Musical memoirs of Scotland,
with historical annotations and
numerous illustrative plates,(1849).

by Sir John Graham Dalyell

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Sir John Graham Dalyell was a prolific writer on antiquarian and natural history matters. Born in 1775 into the family of Dalyell of the Binns in Linlithgowshire he succeeded to the baronetcy of Binns on the death of his elder brother in 1841. He had initially studied law and was admitted to the Faculty of Advocates of Scotland in 1797. His active practice as a barrister was somewhat lukewarm and he seems to have preferred spending most of his time in the Advocates library engaged in studying its large collection of manuscripts and volumes connected with the history of Scotland. Within two years of his admission as an advocate he produced his first work on Fragments of Scottish History and continued publishing on a regular basis up until his last work, his Musical Memoirs of Scotland which appeared in 1849, shortly before his death in 1851 aged 76 years.

scan of the plate

The plate from Dalyell, bound between pages 252 and 253.
(Please click on the image to view the scan in its original size)

The book is now rare and not easy to find so adding his section on the harp to the ‘library’ fits with this website’s aims of making the hard to find out of copyright source materials more easily available. The section, which runs from pages 230 to 254 of that work covers his comments on the history of the harp in Scotland along with some passing references to Ireland as well. After page 254 he moves onto some discussion of harps elsewhere in the world, which although interesting are not really relevant to wire strung harps.

The Musical Memoirs of Scotland eschews the more romantic historical approach which tended to be the normal style of ‘historical’ writing in that period and possibly reflecting Sir John’s legal training tends to carefully lay out the evidence, much of it derived from the original manuscripts consulted by him, complete with its firmly referenced provenance. Of course this does not mean he is immune from being overtaken by modern research or totally free from errors although these are few and where they do occur they tend to be either typographical or very occasional and obvious lapses in memory.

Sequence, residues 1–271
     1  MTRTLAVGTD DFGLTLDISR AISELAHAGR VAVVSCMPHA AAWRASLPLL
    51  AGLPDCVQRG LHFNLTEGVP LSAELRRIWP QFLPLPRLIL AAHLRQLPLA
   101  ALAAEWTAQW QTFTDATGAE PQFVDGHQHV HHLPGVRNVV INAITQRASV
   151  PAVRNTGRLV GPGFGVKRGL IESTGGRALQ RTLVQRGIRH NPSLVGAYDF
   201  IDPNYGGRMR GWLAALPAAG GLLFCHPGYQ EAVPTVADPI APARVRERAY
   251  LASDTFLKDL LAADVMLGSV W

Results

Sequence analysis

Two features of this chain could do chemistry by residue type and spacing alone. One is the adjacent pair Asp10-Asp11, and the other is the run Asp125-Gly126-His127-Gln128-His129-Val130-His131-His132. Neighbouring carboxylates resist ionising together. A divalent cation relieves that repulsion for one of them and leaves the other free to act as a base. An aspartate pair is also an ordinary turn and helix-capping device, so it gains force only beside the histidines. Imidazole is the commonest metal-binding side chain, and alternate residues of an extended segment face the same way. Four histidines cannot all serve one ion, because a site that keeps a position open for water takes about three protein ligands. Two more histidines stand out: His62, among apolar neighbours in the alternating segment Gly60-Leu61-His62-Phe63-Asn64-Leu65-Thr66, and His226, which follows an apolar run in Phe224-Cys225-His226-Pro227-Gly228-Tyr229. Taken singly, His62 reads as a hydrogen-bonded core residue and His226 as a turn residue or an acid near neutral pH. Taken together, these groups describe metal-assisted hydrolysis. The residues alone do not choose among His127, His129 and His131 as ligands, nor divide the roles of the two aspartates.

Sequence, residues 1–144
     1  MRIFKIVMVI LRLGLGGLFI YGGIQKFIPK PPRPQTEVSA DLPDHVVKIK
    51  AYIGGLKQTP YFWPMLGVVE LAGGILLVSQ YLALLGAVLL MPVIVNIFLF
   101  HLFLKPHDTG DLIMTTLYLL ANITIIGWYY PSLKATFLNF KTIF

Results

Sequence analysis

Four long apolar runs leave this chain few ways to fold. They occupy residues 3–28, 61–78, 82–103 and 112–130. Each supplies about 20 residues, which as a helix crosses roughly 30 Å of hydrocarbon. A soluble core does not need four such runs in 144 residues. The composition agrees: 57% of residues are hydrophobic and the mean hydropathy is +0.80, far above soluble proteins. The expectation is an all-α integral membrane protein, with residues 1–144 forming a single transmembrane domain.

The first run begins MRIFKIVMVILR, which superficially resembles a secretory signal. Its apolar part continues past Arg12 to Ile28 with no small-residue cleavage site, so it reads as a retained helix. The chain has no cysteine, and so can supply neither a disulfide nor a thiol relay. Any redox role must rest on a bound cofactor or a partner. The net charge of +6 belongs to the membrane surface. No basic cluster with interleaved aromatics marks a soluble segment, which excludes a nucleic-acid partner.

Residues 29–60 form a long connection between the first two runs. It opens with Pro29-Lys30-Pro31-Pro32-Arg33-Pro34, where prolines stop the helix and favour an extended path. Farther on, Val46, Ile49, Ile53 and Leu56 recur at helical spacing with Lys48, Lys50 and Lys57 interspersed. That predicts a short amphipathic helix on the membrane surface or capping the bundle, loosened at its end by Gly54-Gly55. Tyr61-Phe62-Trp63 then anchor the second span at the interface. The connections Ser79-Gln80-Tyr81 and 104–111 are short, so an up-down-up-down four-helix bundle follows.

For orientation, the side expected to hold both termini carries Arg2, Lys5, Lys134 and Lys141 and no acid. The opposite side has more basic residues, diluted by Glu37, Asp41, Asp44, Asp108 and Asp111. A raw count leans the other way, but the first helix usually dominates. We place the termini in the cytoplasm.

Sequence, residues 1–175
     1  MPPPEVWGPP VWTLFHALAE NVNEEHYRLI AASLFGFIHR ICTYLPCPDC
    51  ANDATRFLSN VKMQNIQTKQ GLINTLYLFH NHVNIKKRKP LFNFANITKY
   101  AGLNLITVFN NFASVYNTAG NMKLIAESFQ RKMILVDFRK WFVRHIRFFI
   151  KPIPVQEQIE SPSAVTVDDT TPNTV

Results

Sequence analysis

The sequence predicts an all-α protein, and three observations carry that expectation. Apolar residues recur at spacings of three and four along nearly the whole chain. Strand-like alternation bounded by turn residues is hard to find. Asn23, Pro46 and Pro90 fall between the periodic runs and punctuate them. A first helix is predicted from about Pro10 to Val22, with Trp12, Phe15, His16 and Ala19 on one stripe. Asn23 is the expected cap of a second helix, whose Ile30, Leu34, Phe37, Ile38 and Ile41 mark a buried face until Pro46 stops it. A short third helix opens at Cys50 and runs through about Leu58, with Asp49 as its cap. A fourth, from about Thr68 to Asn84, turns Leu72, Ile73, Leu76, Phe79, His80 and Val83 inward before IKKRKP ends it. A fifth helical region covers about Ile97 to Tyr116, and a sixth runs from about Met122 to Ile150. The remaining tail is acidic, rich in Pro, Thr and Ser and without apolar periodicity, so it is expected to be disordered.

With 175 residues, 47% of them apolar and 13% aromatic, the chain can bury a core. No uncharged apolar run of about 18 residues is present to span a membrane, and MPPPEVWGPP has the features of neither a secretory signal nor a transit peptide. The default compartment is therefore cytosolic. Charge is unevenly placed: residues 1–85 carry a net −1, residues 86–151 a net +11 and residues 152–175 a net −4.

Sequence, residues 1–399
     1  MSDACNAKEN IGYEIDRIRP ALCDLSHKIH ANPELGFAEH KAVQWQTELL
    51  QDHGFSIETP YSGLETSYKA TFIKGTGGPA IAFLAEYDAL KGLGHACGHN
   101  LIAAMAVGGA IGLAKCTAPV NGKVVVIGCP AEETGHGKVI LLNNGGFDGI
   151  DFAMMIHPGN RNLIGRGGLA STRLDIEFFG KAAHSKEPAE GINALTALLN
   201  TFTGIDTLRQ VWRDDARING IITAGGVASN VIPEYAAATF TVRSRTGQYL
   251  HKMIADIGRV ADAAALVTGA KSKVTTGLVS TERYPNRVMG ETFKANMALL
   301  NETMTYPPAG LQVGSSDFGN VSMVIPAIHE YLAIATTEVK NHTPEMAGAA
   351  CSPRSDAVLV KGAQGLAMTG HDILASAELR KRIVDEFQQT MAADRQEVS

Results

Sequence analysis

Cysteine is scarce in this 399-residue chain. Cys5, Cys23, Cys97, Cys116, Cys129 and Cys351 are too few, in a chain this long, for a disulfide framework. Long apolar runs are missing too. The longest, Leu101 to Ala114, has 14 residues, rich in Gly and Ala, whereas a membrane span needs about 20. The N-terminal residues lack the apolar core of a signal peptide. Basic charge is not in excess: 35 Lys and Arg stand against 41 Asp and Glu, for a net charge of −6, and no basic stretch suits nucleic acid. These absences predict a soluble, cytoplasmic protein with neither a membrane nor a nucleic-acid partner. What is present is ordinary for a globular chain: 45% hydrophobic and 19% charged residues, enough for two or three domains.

For example, the reference on page 233 to payments from the Treasurer’s accounts which he attributes to the 14 April 1502 is a clear slip and should be 1501. Likewise anybody following up the footnote number 3 on page 245 will find it easier to locate the work referenced if they search under the authors name as William Shaw Mason rather than just Shaw. In terms of memory the passage of over forty years since the event probably accounts for his slip in attributing the repair of the two Lude Harps to Mathew Hardie, (the fiddle maker) in 1806 when the contemporary evidence states that it was undertaken by Muir Wood & Co, the Edinburgh musical instrument makers. Indeed, albeit a member of a Lowland family, Sir John was a member of the Highland Society of Scotland and his observation of the two harps probably occurred as part of the occasion when after being restrung with wire the ‘Queen Mary’ Harp was played to members of the society on their visit to Muir Wood by the harper John, (or Joseph), Elouis.

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